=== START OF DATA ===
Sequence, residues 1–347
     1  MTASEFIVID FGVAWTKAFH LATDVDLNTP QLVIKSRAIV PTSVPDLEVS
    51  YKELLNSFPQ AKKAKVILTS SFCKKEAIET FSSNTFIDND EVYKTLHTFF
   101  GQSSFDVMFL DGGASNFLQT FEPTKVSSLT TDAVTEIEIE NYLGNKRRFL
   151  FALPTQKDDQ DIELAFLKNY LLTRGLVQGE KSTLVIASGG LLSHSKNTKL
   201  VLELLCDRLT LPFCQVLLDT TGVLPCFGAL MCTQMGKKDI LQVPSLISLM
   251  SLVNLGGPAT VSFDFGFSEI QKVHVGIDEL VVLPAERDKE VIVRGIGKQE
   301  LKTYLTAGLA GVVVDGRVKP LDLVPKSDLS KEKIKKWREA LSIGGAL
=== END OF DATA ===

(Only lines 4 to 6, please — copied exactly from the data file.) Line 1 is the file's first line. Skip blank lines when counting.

   101  GQSSFDVMFL DGGASNFLQT FEPTKVSSLT TDAVTEIEIE NYLGNKRRFL
   151  FALPTQKDDQ DIELAFLKNY LLTRGLVQGE KSTLVIASGG LLSHSKNTKL
   201  VLELLCDRLT LPFCQVLLDT TGVLPCFGAL MCTQMGKKDI LQVPSLISLM